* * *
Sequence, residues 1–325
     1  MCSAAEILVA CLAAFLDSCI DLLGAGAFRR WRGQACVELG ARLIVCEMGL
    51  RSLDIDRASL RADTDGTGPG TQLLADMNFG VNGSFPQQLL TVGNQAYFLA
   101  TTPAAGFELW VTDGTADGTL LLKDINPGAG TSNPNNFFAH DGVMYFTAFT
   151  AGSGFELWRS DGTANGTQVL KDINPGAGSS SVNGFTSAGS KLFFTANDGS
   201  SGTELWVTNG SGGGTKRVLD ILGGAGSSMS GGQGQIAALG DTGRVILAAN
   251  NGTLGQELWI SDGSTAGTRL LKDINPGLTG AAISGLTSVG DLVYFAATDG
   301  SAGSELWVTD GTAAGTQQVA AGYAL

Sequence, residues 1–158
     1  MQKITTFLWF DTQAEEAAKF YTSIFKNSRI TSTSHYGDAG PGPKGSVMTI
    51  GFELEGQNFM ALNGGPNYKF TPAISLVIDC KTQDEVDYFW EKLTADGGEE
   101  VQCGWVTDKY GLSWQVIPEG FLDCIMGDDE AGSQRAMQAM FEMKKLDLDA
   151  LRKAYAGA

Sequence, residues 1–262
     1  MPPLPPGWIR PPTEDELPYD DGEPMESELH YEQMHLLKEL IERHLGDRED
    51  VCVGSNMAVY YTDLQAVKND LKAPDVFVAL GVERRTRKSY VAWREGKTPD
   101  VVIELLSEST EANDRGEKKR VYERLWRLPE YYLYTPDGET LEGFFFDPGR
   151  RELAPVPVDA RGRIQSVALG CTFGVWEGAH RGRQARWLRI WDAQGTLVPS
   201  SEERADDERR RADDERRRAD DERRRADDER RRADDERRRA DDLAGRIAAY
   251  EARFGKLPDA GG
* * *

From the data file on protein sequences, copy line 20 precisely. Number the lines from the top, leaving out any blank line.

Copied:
   251  EARFGKLPDA GG